Fourth graders have an uncanny sense of justice. As a former nanny, I’ve witnessed nine-year-olds stand up for their rights countless times. (Sometimes they’re standing up for the right to watch a highly inappropriate PG-13 movie at 9:30 p.m. when they should be in bed; still, they’re standing up for something.) Case in point: a gaggle of California fourth graders launched a protest last week after their school district announced it would no longer offer chocolate milk in schools.
As reported by ABC 7 Los Angeles, the protest was organized by a fourth grade class at the Sierra Vista K-8 school outside of Sacramento, California. The school district announced it would remove chocolate milk from the lunch menu due to its high sugar content, and students were rightfully irate. Chocolate milk is the best.
On the heels of the announcement, one fourth grade teacher decided to channel her students’ ire into collective action. The teacher rallied her students, encouraging them to craft their very own protest signs to display during a protest march around the school. ABC 7 reports that the students were instructed to form arguments for chocolate milk’s return before embarking on their march. “We’re looking for the information to support our opinion,” you can hear the teacher say in a news clip from Sacramento news station KQCA.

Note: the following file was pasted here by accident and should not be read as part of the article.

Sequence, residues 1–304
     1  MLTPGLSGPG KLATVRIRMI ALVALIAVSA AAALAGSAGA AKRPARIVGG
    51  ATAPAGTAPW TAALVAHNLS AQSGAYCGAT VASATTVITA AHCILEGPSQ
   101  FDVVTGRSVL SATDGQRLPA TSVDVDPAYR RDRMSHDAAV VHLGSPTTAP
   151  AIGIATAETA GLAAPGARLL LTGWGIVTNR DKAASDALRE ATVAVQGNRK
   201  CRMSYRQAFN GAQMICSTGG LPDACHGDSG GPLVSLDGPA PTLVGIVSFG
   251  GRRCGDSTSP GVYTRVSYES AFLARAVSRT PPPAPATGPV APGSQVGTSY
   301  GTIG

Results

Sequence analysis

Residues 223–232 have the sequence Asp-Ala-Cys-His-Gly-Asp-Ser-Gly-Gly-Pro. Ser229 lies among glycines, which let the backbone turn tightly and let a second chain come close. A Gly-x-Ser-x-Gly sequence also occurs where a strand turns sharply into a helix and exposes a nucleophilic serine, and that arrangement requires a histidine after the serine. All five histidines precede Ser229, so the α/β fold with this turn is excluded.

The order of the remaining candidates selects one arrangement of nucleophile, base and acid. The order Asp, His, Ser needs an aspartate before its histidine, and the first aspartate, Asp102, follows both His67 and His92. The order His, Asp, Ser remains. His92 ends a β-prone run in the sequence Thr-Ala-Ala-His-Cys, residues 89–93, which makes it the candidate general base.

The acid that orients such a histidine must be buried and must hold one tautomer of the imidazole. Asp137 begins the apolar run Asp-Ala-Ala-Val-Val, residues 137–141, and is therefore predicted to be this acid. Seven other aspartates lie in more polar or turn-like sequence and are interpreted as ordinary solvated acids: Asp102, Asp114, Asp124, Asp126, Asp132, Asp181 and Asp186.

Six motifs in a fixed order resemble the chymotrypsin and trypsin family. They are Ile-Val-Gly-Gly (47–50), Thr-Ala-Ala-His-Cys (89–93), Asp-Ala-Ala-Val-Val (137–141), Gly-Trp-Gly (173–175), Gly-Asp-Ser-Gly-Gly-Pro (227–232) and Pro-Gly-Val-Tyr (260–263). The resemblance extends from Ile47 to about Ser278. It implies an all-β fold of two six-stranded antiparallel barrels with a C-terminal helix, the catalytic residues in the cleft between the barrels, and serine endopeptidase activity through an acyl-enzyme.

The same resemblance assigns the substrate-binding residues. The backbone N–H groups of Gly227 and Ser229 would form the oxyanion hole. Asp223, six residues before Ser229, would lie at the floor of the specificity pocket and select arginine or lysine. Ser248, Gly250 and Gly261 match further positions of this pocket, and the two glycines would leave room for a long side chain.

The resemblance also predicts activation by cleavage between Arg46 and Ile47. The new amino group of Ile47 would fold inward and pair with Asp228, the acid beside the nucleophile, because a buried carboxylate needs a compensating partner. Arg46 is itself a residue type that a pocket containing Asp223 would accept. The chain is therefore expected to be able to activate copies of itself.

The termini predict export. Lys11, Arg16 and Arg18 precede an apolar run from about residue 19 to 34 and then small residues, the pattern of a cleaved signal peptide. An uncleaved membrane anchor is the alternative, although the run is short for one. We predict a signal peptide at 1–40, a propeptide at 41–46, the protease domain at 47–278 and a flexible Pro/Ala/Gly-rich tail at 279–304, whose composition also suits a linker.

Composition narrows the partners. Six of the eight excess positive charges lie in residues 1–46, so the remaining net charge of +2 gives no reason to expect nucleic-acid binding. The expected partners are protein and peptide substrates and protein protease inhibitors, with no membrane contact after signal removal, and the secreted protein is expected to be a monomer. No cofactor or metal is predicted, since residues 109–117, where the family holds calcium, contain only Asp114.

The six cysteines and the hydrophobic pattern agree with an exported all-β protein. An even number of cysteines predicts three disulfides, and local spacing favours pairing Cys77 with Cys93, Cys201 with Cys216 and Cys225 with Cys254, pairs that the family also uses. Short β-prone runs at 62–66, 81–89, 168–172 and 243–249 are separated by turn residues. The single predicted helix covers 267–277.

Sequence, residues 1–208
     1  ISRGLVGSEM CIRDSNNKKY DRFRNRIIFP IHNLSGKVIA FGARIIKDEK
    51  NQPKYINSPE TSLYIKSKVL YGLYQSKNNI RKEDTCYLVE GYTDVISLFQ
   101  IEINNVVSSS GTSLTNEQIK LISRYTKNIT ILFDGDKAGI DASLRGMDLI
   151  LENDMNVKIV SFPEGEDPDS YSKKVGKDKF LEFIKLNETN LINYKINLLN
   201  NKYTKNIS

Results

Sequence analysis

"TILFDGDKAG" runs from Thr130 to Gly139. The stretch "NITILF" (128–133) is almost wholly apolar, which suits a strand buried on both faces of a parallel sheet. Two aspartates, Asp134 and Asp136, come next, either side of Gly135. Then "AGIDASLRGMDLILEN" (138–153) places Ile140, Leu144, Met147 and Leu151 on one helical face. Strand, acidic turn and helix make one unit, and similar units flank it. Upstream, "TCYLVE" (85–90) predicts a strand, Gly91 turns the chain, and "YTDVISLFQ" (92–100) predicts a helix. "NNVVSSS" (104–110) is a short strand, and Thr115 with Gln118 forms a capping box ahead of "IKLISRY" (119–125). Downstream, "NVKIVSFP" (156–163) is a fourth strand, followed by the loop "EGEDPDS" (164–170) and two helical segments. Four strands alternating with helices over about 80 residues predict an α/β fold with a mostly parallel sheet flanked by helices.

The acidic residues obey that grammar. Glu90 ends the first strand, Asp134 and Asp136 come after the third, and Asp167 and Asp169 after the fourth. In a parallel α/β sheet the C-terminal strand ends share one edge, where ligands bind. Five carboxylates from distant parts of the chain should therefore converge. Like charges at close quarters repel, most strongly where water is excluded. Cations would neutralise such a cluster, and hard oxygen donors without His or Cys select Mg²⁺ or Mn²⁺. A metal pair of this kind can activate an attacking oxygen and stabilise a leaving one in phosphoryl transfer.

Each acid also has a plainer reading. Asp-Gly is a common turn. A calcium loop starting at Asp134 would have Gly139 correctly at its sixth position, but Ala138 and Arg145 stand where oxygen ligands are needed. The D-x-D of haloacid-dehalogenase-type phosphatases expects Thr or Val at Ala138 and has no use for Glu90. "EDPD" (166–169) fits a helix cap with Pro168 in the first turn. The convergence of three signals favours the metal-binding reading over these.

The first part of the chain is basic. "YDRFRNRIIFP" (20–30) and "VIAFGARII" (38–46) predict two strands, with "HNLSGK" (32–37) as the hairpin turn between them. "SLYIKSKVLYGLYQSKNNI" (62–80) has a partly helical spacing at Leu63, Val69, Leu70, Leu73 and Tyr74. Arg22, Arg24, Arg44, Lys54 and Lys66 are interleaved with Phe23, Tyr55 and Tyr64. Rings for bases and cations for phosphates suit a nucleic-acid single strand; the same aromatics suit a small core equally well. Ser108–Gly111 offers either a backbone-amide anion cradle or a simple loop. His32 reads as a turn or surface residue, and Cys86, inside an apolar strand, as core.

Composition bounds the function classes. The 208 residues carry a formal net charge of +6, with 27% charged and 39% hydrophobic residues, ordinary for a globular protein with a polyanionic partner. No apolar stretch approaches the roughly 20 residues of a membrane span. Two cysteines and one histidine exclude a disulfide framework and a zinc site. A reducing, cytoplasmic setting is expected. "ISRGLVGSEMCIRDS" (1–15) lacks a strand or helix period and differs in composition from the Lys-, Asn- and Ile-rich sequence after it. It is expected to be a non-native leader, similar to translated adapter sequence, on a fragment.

After crafting their signs, the fourth graders headed out for a (very adorable) protest march outside of the school. Footage from an ABC 7 Instagram post shows the students strutting around with their handwritten signs, chanting, “What do we want? Chocolate milk! When do we want it? Now!’’
Proof that civic action works: A district official says chocolate milk will now return for one day every other week. It’s not much, but it’s something. Regardless, like I always say, if you want to raise a civically engaged generation, start ’em early.
Stick it to the Man, kids.